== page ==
As best seen in FIG. 4B, an OR gate 118 having two inputs is connected to the set input of latch reset timer 114 by a conductor 118A. The inputs to the OR gate 118 are the decode A and decode B signals which are coupled to the OR gate 118 on conductors 64B and 65B respectively. From the foregoing it will be understood that the output of OR gate 118 will go to a logical high level whenever either one of the decode signals goes to a logical high level.

Considering now the reset OR gate 116 in greater detail with reference to FIG. 4, the OR gate 116 has three inputs, the output signal from the latch reset timer 114 on conductor 114A, the output signal from the B speaker/microphone latch 112 on a conductor 112B, and the vehicle detection signal from an invertor 119 on a conductor 119A. If the output signal of invertor 119 is a logical high, the signal is indicative of the absence of a vehicle at station 14. The output of OR gate 116 will go to a logic high level resetting latch 110 whenever any one of these signals goes to a logic high level. From the foregoing it should be understood that if the "A" speaker/microphone latch 110 was set, it will be reset whenever the vehicle at the "A" customer station leaves the station 14 or whenever the "B" speaker/microphone latch 112 is set, or whenever the latch reset timer 114 goes to a logical high (without an overriding set signal being applied to the latch).

Considering now the OR gate 117 in greater detail with reference to FIG. 4B, the OR gate 117 has three inputs, the output signal from the reset latch timer 114 on the conductor 114A, the output signal from the A speaker/microphone latch 110 on a conductor 110B and the vehicle detection signal from an invertor 120 on a conductor 120A. If the output signal of invertor 120 is a logical high, the signal is indicative of the absence of a vehicle at station 16. The output of OR gate 117 will therefore go high whenever the reset timer 114 goes to a high level, or whenever the vehicle of the B station leave the station 16, or whenever the A speaker/microphone latch 110 is set.

As best seen in FIG. 4, the speaker/microphone control 106 also includes a pair of speaker/microphone relays 111 and 113 coupled via audio cables 14A and 16A between the speaker/microphones 18 and 20 respectively and the speaker/microphone latches 110 and 114 via conductor 110A and 112C respectively. The relays 111 and 113 are electrically connected to the outputs of relay 69 on a pair of conductors 69C and D through the J4 connector (pins 1 and 2). Whenever the enable signals form the latches 110 and 112 are logical high levels, the speaker/microphones 18 and 20 are coupled through relays 111 and 113 respectively to the service representative 30.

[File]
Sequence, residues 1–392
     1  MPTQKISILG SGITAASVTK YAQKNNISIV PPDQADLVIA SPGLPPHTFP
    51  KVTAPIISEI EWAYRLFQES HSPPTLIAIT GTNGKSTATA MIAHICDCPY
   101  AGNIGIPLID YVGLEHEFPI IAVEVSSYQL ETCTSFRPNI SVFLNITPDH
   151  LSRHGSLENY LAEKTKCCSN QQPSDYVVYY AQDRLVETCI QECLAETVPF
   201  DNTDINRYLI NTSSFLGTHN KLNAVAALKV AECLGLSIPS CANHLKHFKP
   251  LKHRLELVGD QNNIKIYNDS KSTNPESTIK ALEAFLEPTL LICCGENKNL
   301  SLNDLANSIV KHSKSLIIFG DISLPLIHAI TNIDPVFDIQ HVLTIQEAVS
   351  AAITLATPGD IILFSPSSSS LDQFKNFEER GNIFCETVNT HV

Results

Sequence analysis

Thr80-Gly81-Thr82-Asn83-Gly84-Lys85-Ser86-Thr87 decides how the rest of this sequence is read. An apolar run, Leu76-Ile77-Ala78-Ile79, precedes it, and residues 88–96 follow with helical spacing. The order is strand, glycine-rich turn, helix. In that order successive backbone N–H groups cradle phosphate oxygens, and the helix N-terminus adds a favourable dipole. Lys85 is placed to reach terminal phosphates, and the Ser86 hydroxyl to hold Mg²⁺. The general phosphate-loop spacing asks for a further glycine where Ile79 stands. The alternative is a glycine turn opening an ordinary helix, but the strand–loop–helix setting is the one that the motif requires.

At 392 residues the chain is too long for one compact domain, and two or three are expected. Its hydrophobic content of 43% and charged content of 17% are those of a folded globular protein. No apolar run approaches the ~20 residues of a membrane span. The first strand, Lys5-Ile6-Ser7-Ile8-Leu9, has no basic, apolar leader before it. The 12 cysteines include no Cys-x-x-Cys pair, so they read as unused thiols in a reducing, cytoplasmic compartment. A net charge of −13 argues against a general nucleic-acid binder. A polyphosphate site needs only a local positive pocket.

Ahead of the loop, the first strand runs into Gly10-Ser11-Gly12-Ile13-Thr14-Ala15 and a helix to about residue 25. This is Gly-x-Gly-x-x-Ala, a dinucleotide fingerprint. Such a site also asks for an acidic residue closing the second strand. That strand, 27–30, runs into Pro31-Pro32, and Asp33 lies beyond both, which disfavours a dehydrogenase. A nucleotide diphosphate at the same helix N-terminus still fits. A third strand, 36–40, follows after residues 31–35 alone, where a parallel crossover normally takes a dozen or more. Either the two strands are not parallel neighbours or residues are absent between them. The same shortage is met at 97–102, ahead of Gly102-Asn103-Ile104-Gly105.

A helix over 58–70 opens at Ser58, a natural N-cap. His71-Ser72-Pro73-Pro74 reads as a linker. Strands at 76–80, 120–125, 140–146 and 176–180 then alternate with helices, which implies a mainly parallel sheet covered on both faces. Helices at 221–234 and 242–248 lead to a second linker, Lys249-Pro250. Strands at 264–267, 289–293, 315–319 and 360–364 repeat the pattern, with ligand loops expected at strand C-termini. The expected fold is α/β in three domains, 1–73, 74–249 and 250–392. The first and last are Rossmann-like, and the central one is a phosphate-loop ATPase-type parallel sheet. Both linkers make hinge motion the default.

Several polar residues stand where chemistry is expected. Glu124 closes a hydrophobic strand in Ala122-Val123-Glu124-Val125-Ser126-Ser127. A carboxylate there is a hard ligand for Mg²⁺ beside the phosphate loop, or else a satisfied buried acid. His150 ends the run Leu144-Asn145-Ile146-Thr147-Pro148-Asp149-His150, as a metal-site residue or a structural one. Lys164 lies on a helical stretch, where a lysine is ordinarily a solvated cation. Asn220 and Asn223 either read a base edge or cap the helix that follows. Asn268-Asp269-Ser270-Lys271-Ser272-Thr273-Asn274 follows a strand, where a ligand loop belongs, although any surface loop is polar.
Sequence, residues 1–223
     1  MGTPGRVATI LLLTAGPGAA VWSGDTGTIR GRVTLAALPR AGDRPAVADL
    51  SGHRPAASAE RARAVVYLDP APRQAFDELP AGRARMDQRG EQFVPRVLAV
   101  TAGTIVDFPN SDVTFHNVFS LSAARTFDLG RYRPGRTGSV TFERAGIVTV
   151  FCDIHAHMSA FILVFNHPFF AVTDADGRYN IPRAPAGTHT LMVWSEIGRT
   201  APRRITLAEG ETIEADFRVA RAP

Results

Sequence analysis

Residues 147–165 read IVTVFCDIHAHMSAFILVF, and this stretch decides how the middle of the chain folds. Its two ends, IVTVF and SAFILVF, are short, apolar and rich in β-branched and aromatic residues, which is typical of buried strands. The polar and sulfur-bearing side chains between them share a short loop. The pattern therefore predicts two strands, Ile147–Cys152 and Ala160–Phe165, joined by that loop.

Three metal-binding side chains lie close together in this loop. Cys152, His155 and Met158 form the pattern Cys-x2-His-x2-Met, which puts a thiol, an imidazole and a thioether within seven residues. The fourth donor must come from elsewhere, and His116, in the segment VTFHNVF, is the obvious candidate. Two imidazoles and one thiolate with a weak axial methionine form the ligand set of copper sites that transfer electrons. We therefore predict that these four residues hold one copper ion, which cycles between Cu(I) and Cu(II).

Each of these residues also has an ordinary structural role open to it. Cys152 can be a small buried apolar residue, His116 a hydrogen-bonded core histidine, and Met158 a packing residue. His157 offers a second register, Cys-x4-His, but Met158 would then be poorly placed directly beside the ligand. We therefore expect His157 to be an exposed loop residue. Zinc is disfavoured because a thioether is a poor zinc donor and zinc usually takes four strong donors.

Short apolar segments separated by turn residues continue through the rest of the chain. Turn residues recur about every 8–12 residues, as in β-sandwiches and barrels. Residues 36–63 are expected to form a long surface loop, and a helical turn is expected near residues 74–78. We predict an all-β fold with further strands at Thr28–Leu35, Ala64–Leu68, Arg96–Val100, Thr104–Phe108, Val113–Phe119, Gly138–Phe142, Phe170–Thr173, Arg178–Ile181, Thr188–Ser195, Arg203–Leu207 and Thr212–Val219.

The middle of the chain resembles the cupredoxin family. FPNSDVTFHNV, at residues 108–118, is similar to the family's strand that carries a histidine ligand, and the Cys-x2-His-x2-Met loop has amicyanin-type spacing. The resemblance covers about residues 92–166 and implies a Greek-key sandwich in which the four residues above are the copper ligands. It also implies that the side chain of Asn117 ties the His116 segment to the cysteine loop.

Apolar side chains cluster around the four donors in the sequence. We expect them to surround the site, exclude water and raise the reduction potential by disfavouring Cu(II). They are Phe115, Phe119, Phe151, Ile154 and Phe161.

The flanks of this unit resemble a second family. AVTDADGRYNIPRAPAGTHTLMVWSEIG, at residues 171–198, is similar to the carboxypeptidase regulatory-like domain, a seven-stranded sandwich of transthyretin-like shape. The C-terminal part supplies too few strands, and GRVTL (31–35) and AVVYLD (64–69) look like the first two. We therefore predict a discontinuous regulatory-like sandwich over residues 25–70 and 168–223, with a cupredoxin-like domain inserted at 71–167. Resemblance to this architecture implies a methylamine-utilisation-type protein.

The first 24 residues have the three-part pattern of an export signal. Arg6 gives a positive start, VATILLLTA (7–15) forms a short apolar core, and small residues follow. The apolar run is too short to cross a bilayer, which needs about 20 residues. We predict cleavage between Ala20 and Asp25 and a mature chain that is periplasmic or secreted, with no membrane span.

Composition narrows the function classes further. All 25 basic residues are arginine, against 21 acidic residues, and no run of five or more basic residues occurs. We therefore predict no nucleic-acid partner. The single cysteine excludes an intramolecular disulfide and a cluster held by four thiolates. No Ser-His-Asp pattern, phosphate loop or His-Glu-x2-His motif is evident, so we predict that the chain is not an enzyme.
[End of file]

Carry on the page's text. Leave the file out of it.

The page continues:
In order to mute the speaker/microphones 18 and 20 during switching periods, the speaker/microphone control 106 also includes a muting network 108. The muting network 108 includes a pair of mute duration timers 121 and 123, where timer 121 mutes the speaker/microphone 18 while timer 123 mutes the speaker/microphone 20. The muting network 108 also includes a NOR gate 125, an OR gate 126 and a NAND gate 127 for forming a control signal designated not SYSTEM ACTIVE indicative that one of the latches 110 or 112 is set at a logical high level. As will be explained hereinafter whenever either one of the speaker/microphone latches 110, 112 are set to a logic high, the muting network 108 delays the not SYSTEM ACTIVE signal on a conductor 127A from going to a logical low for a predetermined period of time established by timers 121 and 123.

As best seen in FIG. 4B, the OR gate 125 has two inputs, the output of latch 110 via the conductor 110A, and the output of latch 112 via the conductor 112A. OR gate 125 will go to a logical high level whenever either one of the latches 110, 112 are set to a logical high. The output of OR gate 125 is connected to the NAND gate 127 by a conductor 125A.

The NOR gate 126 has two inputs, the output of "A" mute duration timer 121 via a conductor 121A and the output of the "B" mute duration timer 123 via a conductor 123A. The output of NOR gate 126 is also connected to the input of NAND gate 127 by conductor 126A. From the foregoing it will be understood that whenever either one of the latches 110, 112 are set and the output of either one of the mute duration timers 121, 123 have timed out, the output of NAND gate 127 designated as not SYSTEM ACTIVE will be a logical low.